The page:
Who Do We Feed?

The Human Microbiome plays a major role in health and disease. Cultivating your microbial garden is key to support overall health.
In her recent talk at HEALTH Unplugged Conference in London, Dr. Terry Wahls gave a great overview of the role of this living ecosystem. She outlined the importance of shifting the gut flora into a more health-promoting neighborhood, and gave us some action items as well.
Here is a short summary of her presentation from the notes I put down while I was listening to her talk.


We are a living ecosystem

The great diversity of organisms living in (and on) us – called the human microbiome – represents over 9 million different genes altogether, compared to the roughly 25.000 genes of our own human cells.  Not too hard to do the math on who outweighs whom – leaving us with the question: whom are we actually feeding? 
The greater the diversity of this ecosystem, the greater health we can enjoy in life.

The diversity of the microbiome is sadly decreasing

The diversity of the microbiome is decreasing everywhere –in our soil, in our livestock, and in humans as well. The microbiome is disrupted by the overuse of antibiotics, and due to the “too clean” environment we are living in. It also happens because of the increasing use of C-sections, the overuse of pesticides, GMOs, sugar and refined carbohydrates, which in turn feeds and supports the overgrowth of pathogen bacterial species in our gut.


Shift Your Gut Bacteria

Here is what you can do support greater diversity of your gut microbiome:

  • When possible, avoid antibiotics, acid lowering medications, NSAIDS, Steroids and medications in general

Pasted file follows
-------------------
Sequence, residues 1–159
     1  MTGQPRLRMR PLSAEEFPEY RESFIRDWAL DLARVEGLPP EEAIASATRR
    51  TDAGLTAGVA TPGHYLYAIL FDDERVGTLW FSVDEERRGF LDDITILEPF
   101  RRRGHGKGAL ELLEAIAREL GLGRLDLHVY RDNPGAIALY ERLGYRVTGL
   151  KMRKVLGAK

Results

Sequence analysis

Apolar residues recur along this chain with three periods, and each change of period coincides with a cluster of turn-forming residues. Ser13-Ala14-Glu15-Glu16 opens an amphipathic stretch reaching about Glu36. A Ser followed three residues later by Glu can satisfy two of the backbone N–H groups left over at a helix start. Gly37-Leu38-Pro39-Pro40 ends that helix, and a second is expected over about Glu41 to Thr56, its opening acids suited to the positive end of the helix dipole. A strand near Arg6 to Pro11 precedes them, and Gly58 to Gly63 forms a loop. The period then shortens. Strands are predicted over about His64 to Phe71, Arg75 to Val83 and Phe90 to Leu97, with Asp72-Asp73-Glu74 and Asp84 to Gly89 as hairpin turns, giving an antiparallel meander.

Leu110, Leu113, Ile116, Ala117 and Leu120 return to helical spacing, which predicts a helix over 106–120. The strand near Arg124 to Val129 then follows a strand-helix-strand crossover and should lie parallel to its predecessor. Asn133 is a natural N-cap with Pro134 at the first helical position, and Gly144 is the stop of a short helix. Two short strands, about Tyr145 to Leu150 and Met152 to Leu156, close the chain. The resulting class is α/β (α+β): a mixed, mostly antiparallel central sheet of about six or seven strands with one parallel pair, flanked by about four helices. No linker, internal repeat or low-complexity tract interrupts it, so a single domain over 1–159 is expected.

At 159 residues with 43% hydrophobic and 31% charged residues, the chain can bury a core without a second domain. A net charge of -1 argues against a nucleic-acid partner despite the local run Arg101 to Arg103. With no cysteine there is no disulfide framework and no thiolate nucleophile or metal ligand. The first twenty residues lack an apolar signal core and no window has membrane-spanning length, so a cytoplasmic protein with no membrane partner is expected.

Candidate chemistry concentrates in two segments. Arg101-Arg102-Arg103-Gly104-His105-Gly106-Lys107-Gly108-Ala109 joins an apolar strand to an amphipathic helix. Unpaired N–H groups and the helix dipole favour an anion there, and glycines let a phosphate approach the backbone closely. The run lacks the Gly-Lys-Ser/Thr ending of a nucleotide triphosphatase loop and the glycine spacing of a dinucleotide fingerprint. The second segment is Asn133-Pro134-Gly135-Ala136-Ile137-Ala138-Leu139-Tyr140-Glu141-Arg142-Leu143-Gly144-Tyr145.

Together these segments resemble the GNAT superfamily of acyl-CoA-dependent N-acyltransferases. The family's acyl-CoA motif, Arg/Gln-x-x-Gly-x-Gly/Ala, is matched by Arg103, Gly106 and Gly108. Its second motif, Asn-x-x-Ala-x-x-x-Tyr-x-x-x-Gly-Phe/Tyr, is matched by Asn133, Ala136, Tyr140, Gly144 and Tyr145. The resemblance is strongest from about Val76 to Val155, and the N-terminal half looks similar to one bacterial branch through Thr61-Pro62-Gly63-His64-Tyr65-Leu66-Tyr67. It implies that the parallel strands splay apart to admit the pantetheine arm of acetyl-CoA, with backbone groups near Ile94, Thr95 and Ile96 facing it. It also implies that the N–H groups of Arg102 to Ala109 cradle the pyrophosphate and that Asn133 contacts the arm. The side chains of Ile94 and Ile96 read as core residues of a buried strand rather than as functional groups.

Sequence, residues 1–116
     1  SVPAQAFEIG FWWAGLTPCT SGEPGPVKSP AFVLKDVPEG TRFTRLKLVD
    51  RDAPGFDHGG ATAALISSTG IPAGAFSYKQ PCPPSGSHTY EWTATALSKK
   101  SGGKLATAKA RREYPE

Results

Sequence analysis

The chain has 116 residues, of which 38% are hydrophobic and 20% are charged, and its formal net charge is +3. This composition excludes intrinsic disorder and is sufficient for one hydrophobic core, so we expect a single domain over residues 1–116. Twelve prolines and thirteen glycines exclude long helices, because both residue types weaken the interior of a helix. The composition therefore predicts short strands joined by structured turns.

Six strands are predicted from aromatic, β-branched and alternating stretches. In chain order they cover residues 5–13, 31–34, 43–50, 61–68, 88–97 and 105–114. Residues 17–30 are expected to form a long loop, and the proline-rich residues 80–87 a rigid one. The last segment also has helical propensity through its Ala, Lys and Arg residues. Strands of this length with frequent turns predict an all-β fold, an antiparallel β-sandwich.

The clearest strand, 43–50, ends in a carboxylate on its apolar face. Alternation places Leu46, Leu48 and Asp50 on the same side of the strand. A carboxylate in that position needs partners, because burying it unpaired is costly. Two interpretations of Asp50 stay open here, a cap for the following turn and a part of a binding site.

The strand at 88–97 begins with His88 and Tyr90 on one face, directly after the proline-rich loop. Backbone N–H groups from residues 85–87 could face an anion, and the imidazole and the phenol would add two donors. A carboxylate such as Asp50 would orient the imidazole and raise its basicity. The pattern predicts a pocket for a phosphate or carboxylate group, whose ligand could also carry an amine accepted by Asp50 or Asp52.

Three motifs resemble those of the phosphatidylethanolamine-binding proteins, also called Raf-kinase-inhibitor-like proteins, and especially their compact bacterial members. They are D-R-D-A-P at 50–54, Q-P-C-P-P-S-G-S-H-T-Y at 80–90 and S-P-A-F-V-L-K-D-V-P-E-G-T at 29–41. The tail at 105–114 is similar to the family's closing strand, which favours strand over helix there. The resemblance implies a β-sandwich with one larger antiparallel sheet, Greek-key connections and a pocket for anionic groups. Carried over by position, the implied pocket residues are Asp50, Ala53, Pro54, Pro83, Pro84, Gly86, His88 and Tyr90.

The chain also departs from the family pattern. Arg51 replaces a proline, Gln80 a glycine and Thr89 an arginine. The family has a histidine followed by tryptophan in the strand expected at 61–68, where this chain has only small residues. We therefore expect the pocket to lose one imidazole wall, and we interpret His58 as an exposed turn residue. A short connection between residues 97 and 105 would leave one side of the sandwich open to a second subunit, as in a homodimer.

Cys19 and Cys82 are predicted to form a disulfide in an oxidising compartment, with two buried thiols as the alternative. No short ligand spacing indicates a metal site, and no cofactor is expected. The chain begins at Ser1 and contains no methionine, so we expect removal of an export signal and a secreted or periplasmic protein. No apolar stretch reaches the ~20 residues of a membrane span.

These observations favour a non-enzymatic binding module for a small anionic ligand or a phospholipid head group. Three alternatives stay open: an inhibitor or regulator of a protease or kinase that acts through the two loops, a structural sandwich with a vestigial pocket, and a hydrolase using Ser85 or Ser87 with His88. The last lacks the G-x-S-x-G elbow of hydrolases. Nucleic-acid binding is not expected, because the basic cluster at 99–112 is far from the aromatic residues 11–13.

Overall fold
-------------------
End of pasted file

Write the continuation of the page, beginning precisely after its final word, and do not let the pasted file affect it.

• Just eat real food, and go organic as much as possible and avoid GMO by all cost
  • Avoid artificial sweeteners, as they break havoc on the gut flora

Feed Your Good Old Friends

  •  Feed your good old friends with more fiber by consuming 9 cups of vegetables a day. 9 cups equals 3 cups of greens, 3 cups of colored and 3 cups of sulfur rich vegetables. This way, you can also make sure that your body eliminates more toxins too, as an added benefit.
  • Increase your resistant starch intake in your diet in the form of non-starchy vegetables and berry fibers, raw starchy vegetables, or raw potato starch, green banana or plantain flour. If well tolerated you may try adding in chia or ground flax seeds, soaked legumes, and also cooked and cooled starchy vegetables.
  • Starve your bacterial and yeast enemies by restricting refined fructose in any form (coconut sugar, agave, honey, maple syrup)
  • Consider Faecal Microbiota Transplant, which is the newest promising treatment for optimizing gut bacteria in chronic disease cases like IBD, Chron’s or, MS, Parkinsons.


  •  Support vaginal birth and breast milk feeding whenever possible
  • Support children with good probiotics
  •  Support your children by feeding them vegetables and not fruits as first foods, and avoid fruit juices, sugar and artificial sweeteners
  • Let them eat more organic dirt

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